The long-term goal of our research is to understand how the visual system decides where to look. The activity of multiple neurons as well as local field potentials will be monitored simultaneously in monkeys performing visual search tasks designed to dissociate visual processing from saccade preparation. The frontal eye field will be studied because it is situated anatomically to sample the outcome of visual processing to orient attention and produce motor commands to orient gaze. Neural signals in frontal eye field will be analyzed to evaluate specific hypotheses about how visual information is processed for target selection and how saccade preparation relates to target selection (Aim 1) that will guide and constrain stochastic network models of the visual-to-motor transformation necessary to perform visual search (Aim 2). Neural signals in supplementary eye field will be analyzed to determine its contribution to target selection and error monitoring during visual search (Aim 3). The results of these experiments will be interpreted in the framework of a new Stage Theory of Attention and Decision which postulates that visually guided eye movements in complex environments are produced by a sequence of stages -- one stage that encodes and selects visual stimuli for attention followed by another stage that prepares to initiate saccades. This framework offers the opportunity to distinguish the respective contributions of these two, distinct stages to disorders of visual attention, orientation and mobility.
Clinical science has progressed by carving nature at its joints. The Stage Theory of Attention and Decision postulates that visually guided action in complex environments arises from the operation of one stage that encodes and selects visual stimuli for attention followed by another stage that prepares and initiates saccades. This framework offers the opportunity to distinguish the respective contributions of these two, distinct states to disorders of visual attention, orientation and mobility.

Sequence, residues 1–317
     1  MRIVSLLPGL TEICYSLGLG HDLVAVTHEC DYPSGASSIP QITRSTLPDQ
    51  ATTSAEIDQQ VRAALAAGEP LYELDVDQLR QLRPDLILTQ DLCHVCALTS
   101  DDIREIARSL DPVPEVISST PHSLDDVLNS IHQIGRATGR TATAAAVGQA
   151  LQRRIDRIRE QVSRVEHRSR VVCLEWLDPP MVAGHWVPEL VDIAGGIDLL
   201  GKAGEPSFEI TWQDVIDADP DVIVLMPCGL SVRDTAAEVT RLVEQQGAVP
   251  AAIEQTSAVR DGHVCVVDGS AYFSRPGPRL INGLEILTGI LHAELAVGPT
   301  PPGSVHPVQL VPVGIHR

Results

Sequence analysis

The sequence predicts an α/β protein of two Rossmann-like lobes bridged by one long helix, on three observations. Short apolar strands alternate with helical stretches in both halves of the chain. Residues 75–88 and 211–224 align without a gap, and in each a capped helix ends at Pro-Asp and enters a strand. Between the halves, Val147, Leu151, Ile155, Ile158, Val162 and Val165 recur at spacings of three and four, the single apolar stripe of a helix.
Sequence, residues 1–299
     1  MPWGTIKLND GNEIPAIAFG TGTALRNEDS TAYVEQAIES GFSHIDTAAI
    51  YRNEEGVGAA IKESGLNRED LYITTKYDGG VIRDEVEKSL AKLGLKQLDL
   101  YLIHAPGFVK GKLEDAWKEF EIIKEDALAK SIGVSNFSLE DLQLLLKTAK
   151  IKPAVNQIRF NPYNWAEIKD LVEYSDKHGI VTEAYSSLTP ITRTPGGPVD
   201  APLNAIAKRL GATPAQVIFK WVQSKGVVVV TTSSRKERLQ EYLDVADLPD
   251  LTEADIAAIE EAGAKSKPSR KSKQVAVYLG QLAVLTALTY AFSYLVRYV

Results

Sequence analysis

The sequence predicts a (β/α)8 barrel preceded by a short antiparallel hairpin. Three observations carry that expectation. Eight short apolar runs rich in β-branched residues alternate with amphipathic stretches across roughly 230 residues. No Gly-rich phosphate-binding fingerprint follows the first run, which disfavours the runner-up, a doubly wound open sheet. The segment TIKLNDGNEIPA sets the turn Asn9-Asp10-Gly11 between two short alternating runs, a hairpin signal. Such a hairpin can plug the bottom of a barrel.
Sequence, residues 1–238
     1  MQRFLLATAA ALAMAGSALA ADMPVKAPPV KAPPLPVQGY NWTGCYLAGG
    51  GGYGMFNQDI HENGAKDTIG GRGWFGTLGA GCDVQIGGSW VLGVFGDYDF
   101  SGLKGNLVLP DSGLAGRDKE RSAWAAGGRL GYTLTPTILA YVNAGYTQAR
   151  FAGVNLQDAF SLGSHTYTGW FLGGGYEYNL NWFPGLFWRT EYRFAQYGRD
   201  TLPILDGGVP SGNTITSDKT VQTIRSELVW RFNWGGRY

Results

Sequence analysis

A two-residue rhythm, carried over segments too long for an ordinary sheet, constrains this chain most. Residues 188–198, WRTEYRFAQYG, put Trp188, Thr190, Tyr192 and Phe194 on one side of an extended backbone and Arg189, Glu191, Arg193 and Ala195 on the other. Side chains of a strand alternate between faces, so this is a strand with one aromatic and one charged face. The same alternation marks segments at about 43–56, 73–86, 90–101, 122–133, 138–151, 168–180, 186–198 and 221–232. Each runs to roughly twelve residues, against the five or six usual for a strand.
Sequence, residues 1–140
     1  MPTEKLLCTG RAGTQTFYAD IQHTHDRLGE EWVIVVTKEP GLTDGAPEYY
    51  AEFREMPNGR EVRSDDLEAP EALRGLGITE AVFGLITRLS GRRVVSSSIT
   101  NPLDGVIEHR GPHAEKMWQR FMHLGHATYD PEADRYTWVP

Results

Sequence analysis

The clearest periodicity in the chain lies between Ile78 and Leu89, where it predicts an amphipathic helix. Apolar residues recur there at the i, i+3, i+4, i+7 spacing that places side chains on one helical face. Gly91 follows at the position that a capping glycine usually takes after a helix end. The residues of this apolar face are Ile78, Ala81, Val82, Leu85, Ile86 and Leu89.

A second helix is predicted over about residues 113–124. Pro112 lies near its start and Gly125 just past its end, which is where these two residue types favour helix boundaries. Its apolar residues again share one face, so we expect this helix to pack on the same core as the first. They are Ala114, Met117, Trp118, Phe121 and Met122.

|Cosman, Joshua D; Lowe, Kaleb A; Zinke, Wolf et al. (2018) Prefrontal Control of Visual Distraction. Curr Biol 28:1330|
|Cosman, Joshua D; Lowe, Kaleb A; Zinke, Wolf et al. (2018) Prefrontal Control of Visual Distraction. Curr Biol 28:414-420.e3|
|Schall, Jeffrey D; Palmeri, Thomas J; Logan, Gordon D (2017) Models of inhibitory control. Philos Trans R Soc Lond B Biol Sci 372:|
|Nelson, Matthew J; Murthy, Aditya; Schall, Jeffrey D (2016) Neural control of visual search by frontal eye field: chronometry of neural events and race model processes. J Neurophysiol 115:1954-69|
|Logan, Gordon D; Yamaguchi, Motonori; Schall, Jeffrey D et al. (2015) Inhibitory control in mind and brain 2.0: blocked-input models of saccadic countermanding. Psychol Rev 122:115-47|
|Neggers, S F W; Zandbelt, B B; Schall, M S et al. (2015) Comparative diffusion tractography of corticostriatal motor pathways reveals differences between humans and macaques. J Neurophysiol 113:2164-72|
|Heitz, Richard P; Schall, Jeffrey D (2013) Neural chronometry and coherency across speed-accuracy demands reveal lack of homomorphism between computational and neural mechanisms of evidence accumulation. Philos Trans R Soc Lond B Biol Sci 368:20130071|
|Schall, Jeffrey D (2013) Macrocircuits: decision networks. Curr Opin Neurobiol 23:269-74|
|Purcell, Braden A; Schall, Jeffrey D; Woodman, Geoffrey F (2013) On the origin of event-related potentials indexing covert attentional selection during visual search: timing of selection by macaque frontal eye field and event-related potentials during pop-out search. J Neurophysiol 109:557-69|
|Reinhart, Robert M G; Heitz, Richard P; Purcell, Braden A et al. (2012) Homologous mechanisms of visuospatial working memory maintenance in macaque and human: properties and sources. J Neurosci 32:7711-22|
Showing the most recent 10 out of 67 publications